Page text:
[IAEP] Introduction: teacher interested in SOAS
pbrobinson at gmail.com
Tue Nov 20 13:20:58 EST 2012
On Tue, Nov 20, 2012 at 6:10 PM, John Landis <john at johnlandis.net> wrote:
> Thanks so much for the warm welcome. Particularly to Patricio,
> Harriet, and Kevin for sharing such fascinating links.
> If it's okay, I'm going to use this list as a sounding board for my
> thoughts as I explore Sugar. Again, if there's a better place for
> this type of thing, please let me know!
> So far, I'm getting the impression that Sugar on A Stick is more or
> less limited to experimental university-school partnerships, and
> hasn't yet reached a phase of wide deployment in the hands of schools.
> Is this an accurate assessment?
No, it's not. It's been used in a number of school environments that
I'm aware of quite successfully in a number of different countries.
> The reason I'm interested in SOAS is that I work in the traditional
> "computer lab" setting that is so familiar in K12 schools in the US.
> This setting has a lot of restrictions and drawbacks. A big one is
> that, even though the students are surrounded by computers in my lab,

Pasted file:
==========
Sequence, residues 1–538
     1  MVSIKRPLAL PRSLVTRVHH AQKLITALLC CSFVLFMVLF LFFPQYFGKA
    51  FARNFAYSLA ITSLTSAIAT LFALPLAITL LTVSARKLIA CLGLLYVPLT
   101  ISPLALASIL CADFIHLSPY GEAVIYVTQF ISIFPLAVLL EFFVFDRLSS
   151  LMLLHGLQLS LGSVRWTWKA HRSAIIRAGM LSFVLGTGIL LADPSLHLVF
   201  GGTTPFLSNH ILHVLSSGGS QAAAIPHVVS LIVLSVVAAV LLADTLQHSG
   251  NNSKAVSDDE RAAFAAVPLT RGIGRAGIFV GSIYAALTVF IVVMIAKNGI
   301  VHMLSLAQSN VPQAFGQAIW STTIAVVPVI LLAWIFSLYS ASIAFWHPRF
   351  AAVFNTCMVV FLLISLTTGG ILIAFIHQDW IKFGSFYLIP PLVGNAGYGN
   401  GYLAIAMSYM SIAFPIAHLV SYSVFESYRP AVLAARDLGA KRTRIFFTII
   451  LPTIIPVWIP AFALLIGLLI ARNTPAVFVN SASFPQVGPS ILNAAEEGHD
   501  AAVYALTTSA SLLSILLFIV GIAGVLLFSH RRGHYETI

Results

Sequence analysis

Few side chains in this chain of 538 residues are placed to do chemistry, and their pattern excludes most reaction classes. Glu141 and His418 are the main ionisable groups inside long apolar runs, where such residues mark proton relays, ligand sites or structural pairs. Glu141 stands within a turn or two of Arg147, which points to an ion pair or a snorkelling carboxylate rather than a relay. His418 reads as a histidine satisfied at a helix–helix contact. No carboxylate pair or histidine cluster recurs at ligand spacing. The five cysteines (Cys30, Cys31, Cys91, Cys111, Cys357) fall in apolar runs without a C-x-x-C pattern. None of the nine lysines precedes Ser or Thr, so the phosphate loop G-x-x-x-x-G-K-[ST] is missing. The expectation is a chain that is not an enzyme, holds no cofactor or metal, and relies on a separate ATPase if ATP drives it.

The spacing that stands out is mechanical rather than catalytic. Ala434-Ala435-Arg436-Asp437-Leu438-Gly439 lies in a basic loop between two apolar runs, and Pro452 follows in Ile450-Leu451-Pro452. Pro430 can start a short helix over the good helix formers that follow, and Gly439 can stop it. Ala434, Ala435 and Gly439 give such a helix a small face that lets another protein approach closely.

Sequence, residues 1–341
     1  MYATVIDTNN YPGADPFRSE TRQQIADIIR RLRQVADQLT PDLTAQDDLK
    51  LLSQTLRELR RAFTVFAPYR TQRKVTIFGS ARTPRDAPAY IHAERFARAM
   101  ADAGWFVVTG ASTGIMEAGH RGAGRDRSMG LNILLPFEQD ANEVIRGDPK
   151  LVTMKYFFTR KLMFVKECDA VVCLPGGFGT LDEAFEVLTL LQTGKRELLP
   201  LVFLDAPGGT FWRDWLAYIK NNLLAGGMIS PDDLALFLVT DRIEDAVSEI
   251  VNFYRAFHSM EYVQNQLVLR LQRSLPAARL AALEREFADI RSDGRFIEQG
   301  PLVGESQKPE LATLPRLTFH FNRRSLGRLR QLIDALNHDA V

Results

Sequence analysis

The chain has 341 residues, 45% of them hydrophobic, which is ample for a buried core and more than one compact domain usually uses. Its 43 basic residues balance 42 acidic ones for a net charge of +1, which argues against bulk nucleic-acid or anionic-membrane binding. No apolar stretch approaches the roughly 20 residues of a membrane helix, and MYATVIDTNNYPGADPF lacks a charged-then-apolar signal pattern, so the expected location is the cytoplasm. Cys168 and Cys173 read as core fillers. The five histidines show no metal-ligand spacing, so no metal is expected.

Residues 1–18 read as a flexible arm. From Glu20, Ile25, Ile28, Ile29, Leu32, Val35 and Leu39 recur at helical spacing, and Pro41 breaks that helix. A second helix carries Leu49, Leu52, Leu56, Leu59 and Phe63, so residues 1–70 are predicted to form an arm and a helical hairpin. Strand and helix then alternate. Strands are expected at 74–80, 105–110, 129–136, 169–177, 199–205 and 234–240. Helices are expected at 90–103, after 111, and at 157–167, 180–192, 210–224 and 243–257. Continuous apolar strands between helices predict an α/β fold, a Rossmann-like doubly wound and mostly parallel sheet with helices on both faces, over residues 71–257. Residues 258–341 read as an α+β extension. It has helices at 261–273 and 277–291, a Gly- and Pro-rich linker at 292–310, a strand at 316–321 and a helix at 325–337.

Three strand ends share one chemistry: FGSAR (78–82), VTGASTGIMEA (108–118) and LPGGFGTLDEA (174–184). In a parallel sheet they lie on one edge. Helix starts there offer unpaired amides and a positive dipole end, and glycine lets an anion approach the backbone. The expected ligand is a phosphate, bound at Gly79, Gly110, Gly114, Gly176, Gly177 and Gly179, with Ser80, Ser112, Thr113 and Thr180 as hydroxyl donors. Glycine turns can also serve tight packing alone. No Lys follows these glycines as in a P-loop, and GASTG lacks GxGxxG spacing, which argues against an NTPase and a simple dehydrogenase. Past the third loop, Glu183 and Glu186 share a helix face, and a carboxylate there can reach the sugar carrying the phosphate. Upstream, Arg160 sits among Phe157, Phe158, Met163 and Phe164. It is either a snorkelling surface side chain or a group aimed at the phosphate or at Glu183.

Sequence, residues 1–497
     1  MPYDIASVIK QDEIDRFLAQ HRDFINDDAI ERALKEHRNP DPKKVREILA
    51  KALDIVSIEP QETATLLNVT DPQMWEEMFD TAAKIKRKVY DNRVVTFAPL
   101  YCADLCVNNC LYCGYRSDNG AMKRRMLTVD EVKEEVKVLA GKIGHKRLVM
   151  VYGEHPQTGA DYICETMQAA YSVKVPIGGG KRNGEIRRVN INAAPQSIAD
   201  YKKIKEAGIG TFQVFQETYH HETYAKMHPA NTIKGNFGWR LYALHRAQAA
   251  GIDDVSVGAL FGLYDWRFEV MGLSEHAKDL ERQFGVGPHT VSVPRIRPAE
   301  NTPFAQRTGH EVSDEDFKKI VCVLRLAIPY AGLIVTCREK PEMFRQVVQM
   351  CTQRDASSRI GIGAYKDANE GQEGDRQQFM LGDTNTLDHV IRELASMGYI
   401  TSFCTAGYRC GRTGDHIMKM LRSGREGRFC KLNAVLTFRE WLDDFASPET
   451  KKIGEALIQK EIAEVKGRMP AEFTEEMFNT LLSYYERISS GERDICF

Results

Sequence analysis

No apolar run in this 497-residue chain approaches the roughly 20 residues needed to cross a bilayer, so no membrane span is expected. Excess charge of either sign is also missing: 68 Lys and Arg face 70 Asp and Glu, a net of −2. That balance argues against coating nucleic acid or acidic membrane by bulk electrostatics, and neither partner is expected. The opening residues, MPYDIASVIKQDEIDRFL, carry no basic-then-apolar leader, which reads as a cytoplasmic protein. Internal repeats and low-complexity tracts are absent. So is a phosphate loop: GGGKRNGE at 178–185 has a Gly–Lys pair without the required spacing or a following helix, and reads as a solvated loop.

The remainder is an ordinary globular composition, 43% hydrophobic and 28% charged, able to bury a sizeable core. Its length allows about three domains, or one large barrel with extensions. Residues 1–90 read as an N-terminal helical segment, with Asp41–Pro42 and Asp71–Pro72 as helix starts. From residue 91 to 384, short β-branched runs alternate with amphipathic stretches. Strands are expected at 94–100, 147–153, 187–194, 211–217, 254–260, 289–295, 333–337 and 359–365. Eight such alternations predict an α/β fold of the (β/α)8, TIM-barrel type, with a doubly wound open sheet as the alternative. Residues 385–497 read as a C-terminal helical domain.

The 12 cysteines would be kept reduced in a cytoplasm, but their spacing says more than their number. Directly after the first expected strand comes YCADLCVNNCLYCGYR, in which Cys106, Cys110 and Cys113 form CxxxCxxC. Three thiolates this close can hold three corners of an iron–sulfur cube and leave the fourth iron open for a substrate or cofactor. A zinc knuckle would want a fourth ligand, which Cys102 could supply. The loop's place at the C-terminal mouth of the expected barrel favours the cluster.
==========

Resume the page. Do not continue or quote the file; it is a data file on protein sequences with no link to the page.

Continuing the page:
> and to varying degrees at home, they have no opportunity to take
> ownership of these devices. They can't monkey about with the precious
> computers that we adults see as far to precious to fully hand over to
> children. A very basic symptom of this is that the students simply
> can't save their work. A save dialog box on most computers is very
> difficult to learn for the uninitiated. Add to this that all files
> which don't make it onto a shared network or USB drive are basically
> instantly lost given the shared nature of school computers. If the
> kids can't do something as simple as save a piece of writing, the
> computer is far less useful than a notebook.
> In this light, SOAS looks very appealing. The promise of handing a
> student their own _persistant_ computer where they are free to explore
> is exactly what I've been looking for. (to say nothing of sugar's
> "Journal" which I think is a brilliant answer to the above problem).
That's basically it, it certainly isn't without it's quirks but it
generally works pretty well.
I'm the lead developer for SoaS.
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